My First Neflix
"The Ice Harvest." Actually much better than I expected. John Cusack is one of the better actors of this generation and does a great turn as the half-addled, half-brilliant lawyer behind a rip-off of his mob boss. Billy Bob Thornton plays his type (I think he's a wonderful actor but c'mon - you know what Billy Bob character is going to be when you see him cast, don't you?) and plays it well. What is not to be missed is the "outtake scene" in the special features. He replays one scene as his immortal Karl Childers characater from "Sling Blade." Oh fer fall down funny!
Really it's Cusack's worn-down, world-weary but gamely hoping for the big score to work out character that makes the movie. The moviegoer has to have someone to like in movies like this and Cusack's Charlie Arglist is that person. Besides, is it really morally wrong to steal from a criminal? Forget all the killings and the divorced family and the tawdry Christmas presents for his kids bought in a filling station's convenience store in the wee hours of Christmas morning.
On the other hand, Connie Nielsen plays the femme fatale Renata and I just don't find her so overwhelming that I bought her devasting effect on the Cusack character. If you look at her face closely while she's speaking, you see the lines gather around her lips which always puts me in mind of little old ladies in retirement homes whose lipstick bleeds off the lips into those lines. Eeesh. Just accept that as my pathology but I don't plan to see any movie in order to see Ms. Nielsen.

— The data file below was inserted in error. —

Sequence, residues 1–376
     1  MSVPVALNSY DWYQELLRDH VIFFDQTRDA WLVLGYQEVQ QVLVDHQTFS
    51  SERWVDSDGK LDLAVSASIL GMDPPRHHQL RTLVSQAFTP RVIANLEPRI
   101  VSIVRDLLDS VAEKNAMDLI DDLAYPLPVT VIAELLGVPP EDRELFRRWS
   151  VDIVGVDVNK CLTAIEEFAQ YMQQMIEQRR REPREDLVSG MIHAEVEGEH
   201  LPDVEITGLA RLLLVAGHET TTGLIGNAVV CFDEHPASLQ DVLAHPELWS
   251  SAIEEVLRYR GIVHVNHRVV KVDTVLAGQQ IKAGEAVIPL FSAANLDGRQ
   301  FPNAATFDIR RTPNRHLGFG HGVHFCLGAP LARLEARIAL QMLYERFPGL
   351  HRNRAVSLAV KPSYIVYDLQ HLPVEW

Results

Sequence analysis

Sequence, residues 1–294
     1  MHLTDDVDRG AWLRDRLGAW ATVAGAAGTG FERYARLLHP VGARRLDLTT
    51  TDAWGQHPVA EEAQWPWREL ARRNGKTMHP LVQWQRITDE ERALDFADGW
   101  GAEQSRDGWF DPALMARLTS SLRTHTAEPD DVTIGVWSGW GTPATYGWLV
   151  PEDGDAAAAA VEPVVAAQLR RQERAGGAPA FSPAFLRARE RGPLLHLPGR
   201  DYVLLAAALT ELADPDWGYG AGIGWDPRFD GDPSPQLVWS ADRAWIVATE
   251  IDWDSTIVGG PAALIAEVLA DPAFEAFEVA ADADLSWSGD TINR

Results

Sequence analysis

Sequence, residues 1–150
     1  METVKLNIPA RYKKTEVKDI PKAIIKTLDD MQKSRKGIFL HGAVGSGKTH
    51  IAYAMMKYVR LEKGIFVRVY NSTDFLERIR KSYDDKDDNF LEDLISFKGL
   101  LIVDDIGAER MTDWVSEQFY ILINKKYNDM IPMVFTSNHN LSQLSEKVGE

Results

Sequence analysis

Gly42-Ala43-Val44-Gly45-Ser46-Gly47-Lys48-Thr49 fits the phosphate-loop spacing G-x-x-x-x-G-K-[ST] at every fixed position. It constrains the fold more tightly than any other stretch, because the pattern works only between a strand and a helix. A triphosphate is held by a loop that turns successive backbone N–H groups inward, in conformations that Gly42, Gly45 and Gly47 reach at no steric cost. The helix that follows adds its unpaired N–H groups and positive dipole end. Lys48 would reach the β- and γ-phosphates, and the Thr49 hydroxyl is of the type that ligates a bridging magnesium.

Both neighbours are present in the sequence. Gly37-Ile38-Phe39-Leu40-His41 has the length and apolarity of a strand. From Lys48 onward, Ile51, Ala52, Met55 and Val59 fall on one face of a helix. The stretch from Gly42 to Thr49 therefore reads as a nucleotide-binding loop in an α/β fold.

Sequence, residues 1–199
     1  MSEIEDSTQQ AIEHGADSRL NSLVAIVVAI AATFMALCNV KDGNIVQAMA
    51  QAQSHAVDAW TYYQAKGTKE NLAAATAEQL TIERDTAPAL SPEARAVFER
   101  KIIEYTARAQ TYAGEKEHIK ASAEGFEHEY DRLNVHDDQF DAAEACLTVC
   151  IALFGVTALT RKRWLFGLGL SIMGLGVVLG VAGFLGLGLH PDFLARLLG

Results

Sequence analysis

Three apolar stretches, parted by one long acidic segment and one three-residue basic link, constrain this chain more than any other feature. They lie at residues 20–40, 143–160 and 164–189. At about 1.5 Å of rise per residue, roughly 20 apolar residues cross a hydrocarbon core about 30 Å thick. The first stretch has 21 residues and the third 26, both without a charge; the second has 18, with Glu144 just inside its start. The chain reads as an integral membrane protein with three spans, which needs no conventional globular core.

The movie struck me as very much in the vein of the Coen's brilliant "Fargo." Very black comedy and a lot of dead bodies by the time the credits roll. One thing I must mention, though, is the commentary by the screenwriters and the writer of the book on which the screenplay is based. Richard Russo (also the author of the bestseller "Empire Falls") has the phrase "As Witchita falls/ So falls Witichita Falls" appear several times in the movie. In the commentary, he professes to not know the source of the words. He needs to review his music collection for Pat Metheney & Lyle Mays's "As Falls Witchita, So Falls Witchita Falls."
This may be a little toe dipped into the big pool but my first Netflix was a winner.